Instead, the May 22 Democratic runoff will pit Andrew White, a first-time candidate and the son of former Democratic Gov. Mark White, against former Dallas County Sheriff Lupe Valdez. White has steered a more centrist course, hoping to woo Republicans who have become disenchanted with the state GOP’s rightward sprint. Valdez, for her part, has strong support from Democratic elites and is running on a more liberal platform. In the March 6 primary, Valdez won 43 percent to White’s 27 percent, and she comes into the runoff as the favorite, despite White’s impressive showing as a candidate.
Both Democrats trail Abbott in fundraising by large amounts, however, and the incumbent remains the heavy favorite in the race.
Alabama Gov. Kay Ivey (R)
Ivey, who ascended to the governor’s office when fellow Republican Robert Bentley resigned amid a sex scandal, won’t have a free ride to a full term. Huntsville Mayor Tommy Battle is her strongest challenger, but she also faces credible opposition from state Sen. Bill Hightower and minister Scott Dawson for the GOP nomination.
The Democrats, meanwhile, are pinning their hopes on one of three potential candidates: Tuscaloosa Mayor Walt Maddox, former Alabama Chief Justice Sue Bell Cobb and former state Sen. James Fields.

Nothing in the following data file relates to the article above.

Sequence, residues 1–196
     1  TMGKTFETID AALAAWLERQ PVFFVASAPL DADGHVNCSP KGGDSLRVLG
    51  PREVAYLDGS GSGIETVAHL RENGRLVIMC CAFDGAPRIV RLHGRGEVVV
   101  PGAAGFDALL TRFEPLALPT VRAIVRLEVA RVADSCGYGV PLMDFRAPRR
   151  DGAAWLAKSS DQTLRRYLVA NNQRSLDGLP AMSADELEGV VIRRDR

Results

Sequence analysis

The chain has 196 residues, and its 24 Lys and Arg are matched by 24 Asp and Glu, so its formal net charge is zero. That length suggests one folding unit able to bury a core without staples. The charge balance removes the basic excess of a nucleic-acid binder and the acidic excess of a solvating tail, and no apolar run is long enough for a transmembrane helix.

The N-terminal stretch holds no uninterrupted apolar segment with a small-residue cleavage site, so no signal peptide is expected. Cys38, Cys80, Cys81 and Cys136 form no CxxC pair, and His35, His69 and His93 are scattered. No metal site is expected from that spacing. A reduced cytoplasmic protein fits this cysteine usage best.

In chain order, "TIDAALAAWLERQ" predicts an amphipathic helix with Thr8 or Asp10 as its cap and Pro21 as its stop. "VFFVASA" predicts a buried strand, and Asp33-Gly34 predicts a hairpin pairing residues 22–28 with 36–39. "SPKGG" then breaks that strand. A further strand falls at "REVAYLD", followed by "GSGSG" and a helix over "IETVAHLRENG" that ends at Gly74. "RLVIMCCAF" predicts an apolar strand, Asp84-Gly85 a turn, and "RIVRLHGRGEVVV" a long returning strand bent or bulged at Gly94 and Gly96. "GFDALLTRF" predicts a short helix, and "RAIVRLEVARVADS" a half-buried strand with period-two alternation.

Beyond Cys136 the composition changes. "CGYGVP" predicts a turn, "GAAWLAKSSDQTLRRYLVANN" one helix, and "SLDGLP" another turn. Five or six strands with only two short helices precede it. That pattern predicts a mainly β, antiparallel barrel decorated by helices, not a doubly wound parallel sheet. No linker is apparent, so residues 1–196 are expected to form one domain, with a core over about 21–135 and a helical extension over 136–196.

But Alabama remains a deep red state despite Democrat Doug Jones’ defeat of Republican Roy Moore for an open U.S. Senate seat. With the economy in good shape, Ivey has a strong case to make for a full term.
Oklahoma: Open seat; held by Gov. Mary Fallin (R)
Even though term-limited Fallin has experienced a rough stretch due to falling oil prices, the state’s heavy Republican lean gives the GOP the edge. The two Republican frontrunners are Oklahoma City Mayor Mick Cornett and Lt. Gov. Todd Lamb. Other contenders include Tulsa businessman Kevin Stitt, who has promised to spend several million dollars on his campaign, and Tulsa attorney Gary Richardson. If no one gets a majority, the top two finishers will face each other in a runoff.